Do you have $250 to blow in the wind? If you do, the attackers behind Dualshot Ransomware might convince you to pay a ransom. First, they encrypt your files, and then they promise to decrypt them for a small fee. Of course, to some people, 250 dollars is a paycheck. To others, it is just another night on the town. The bottom line is that whether or not you have money to spare, you must not give in to cybercriminals. While they can promise you great things, in reality, they are unlikely to give you anything. Least of all, a working decryptor. Unfortunately, these cybercriminals can trick some victims into disclosing their email addresses as well. If you do that too, the attackers could try to scam you in the future. To fool you, they could also use different techniques and scams. Hopefully, you have not been tricked in any way by this point. Regardless, deleting Dualshot Ransomware is very important, and we are here to assist you with that.
Our researchers are still tracking Dualshot Ransomware to see how it behaves, and we are still gathering information about how it spreads. That being said, it is most likely to follow the same paths as Vivelag Ransomware, HCK Ransomware, BBC Ransomware, Avaddon Ransomware, and all other file-encrypting infections that you can find analyzed on our website. Without a doubt, Dualshot Ransomware cannot invade protected systems. Instead, it goes after systems with vulnerabilities and security backdoors. Some Windows users ignore update alerts, and they choose to run outdated software. Well, updates contain patches for vulnerabilities, without which the security of the entire operating system might fail. Common security backdoors exploited by ransomware include bundled downloaders and spam emails. Of course, do not just assume that you can evade malware if you reject unfamiliar downloaders and remove spam emails without opening them. Cybercriminals are constantly finding new ways to attack unprotected systems. If you believe that you can defend your own operating system and delete malicious threats, think again.
If Dualshot Ransomware executes successfully, all personal files are encrypted by it. To mark them, the threat adds the “.dsec” extension at the end. You do not need to remove it. Before you can even realize what has happened, the infection should restart your computer. After it boots up again, a window named “Warning” should show up. The attackers are using this window to deliver a message, which is meant to convince you to send a message to email@example.com and then pay a ransom of $250 to get the files decrypted. The message provides no guarantees that the decryptor would be given in return for the money, but even if such a guarantee was given, we would identify it as a lie. You also should pay no attention to threats that a decryption key would be destroyed if you tried to remove Dualshot Ransomware or that your files would become irrecoverable if you tried to edit them in any way. In reality, it is unlikely that your files are recoverable at all. However, if you have backups, they might be replaceable. If you have not yet set up backups, we suggest storing copies in external or virtual drives to ensure that they are separated from original copies. Also, if you want to replace files, delete the ransomware first.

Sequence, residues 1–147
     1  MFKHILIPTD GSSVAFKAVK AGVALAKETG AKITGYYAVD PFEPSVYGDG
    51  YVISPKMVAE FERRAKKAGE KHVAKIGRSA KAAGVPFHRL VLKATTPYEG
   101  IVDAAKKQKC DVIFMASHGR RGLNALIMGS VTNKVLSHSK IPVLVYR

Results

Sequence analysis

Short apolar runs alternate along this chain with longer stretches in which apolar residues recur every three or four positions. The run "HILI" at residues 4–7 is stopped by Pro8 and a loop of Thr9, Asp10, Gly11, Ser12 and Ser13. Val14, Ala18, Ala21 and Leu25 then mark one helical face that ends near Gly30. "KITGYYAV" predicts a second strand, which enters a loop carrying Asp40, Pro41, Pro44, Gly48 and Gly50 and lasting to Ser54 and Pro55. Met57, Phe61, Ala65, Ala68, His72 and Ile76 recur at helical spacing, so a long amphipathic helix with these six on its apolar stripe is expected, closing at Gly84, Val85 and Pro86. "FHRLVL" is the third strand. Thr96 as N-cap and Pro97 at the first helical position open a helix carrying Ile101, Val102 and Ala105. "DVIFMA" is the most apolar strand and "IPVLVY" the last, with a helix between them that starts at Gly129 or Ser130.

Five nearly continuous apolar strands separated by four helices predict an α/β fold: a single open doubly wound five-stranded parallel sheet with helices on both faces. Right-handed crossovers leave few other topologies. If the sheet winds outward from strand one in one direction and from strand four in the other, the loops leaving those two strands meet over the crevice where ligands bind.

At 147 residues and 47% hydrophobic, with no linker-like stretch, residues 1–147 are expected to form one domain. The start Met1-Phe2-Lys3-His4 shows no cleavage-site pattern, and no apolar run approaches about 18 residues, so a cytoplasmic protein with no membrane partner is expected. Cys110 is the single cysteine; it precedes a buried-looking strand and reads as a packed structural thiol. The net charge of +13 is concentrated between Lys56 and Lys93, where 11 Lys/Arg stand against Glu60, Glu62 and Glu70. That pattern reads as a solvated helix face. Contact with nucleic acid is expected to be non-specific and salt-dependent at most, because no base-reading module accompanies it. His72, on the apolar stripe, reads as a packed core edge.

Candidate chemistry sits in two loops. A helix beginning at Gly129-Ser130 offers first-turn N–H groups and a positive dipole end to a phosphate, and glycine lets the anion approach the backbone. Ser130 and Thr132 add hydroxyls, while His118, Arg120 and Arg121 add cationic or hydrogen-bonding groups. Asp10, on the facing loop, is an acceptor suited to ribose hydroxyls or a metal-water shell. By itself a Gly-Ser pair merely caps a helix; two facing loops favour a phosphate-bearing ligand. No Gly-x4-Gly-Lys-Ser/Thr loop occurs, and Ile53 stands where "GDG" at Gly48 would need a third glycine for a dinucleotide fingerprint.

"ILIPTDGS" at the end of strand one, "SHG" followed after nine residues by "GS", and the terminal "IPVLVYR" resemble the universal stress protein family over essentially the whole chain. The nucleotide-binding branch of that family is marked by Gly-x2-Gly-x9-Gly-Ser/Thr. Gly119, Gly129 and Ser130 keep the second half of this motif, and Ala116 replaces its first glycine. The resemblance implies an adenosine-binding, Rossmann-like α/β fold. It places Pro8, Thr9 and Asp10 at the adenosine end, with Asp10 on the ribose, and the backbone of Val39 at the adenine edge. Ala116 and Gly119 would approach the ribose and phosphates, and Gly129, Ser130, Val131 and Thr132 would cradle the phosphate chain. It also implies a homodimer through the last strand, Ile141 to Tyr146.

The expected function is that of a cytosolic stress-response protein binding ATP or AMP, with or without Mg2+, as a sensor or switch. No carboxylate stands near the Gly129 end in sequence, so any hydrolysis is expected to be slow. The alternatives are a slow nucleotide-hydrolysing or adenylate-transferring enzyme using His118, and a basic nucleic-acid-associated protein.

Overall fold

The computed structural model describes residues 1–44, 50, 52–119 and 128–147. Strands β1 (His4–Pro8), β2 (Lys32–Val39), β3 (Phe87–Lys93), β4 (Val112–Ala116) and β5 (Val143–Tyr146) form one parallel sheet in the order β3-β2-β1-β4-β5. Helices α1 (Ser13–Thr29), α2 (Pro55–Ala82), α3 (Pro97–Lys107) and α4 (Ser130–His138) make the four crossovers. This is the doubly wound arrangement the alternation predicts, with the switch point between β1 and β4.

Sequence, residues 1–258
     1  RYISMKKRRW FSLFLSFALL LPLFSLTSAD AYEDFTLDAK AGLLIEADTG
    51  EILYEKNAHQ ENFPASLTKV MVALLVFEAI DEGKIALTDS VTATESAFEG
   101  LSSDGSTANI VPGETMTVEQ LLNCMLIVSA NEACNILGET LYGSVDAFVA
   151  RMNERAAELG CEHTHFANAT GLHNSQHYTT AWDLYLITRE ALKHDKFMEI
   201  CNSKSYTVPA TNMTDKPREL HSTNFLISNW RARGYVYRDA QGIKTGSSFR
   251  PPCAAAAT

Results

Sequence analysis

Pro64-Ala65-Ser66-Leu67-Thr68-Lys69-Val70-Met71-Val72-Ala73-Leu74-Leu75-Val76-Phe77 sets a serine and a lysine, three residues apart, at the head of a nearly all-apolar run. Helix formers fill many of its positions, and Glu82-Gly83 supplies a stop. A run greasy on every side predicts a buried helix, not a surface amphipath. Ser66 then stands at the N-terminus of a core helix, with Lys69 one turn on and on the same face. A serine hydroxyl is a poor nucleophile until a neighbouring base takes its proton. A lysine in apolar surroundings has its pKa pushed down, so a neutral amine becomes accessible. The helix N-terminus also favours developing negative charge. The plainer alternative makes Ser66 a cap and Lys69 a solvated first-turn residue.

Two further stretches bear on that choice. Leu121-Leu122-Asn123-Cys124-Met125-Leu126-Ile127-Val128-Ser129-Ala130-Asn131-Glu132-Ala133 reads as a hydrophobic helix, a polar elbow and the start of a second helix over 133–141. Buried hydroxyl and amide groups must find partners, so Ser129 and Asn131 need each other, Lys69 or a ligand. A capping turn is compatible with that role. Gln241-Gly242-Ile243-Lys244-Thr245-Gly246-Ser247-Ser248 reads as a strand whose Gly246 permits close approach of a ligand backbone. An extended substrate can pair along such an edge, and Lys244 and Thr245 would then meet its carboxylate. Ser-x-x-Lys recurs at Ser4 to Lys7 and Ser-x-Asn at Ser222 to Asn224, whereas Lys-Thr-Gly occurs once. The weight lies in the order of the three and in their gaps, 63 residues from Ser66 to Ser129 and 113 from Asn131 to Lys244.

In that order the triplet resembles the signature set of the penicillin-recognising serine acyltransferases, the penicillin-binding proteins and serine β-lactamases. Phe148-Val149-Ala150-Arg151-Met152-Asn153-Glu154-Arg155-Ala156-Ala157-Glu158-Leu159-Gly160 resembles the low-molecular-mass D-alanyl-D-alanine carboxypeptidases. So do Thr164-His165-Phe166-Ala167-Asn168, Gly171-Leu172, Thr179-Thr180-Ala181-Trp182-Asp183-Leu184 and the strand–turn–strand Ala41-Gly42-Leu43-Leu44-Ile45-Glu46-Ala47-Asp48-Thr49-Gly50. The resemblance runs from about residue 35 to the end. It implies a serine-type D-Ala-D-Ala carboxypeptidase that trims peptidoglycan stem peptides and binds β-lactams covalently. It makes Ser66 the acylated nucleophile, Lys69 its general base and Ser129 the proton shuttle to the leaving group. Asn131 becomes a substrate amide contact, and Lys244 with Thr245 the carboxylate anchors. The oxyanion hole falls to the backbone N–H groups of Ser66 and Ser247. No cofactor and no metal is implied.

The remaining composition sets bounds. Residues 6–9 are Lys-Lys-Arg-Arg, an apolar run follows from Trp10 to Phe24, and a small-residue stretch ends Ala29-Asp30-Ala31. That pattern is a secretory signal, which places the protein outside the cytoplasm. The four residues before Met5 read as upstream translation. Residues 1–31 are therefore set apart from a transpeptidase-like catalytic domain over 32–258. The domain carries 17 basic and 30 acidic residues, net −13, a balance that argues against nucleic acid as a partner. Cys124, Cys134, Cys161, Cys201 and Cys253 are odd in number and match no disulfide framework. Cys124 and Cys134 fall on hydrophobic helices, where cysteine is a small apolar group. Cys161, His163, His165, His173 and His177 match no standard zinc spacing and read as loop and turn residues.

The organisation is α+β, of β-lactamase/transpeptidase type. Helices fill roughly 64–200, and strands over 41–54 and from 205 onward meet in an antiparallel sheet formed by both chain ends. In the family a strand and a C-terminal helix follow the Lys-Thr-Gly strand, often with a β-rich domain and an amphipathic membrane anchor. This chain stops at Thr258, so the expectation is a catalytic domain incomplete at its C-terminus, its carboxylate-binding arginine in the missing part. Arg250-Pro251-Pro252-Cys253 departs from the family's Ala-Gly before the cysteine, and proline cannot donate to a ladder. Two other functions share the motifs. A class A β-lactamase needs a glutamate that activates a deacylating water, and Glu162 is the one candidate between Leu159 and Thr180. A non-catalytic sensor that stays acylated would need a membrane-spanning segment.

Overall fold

If the ransom note window launched by Dualshot Ransomware is still on your screen, perhaps you can find the main .exe file using the running process. The guide below shows how to terminate this process and find the malicious file that, of course, must be removed. If the process is no longer running, note that the file is likely to exist in the %LOCALAPPDATA% directory. Of course, even if you can handle the manual removal of Dualshot Ransomware all on your own, we strongly recommend that you implement legitimate anti-malware software to assist you. It can delete the existing threats automatically, but it is more important that it can protect the operating system against cybercriminals’ attacks in the future. This is something that Windows users are usually incapable of handling themselves, and so anti-malware software is necessary.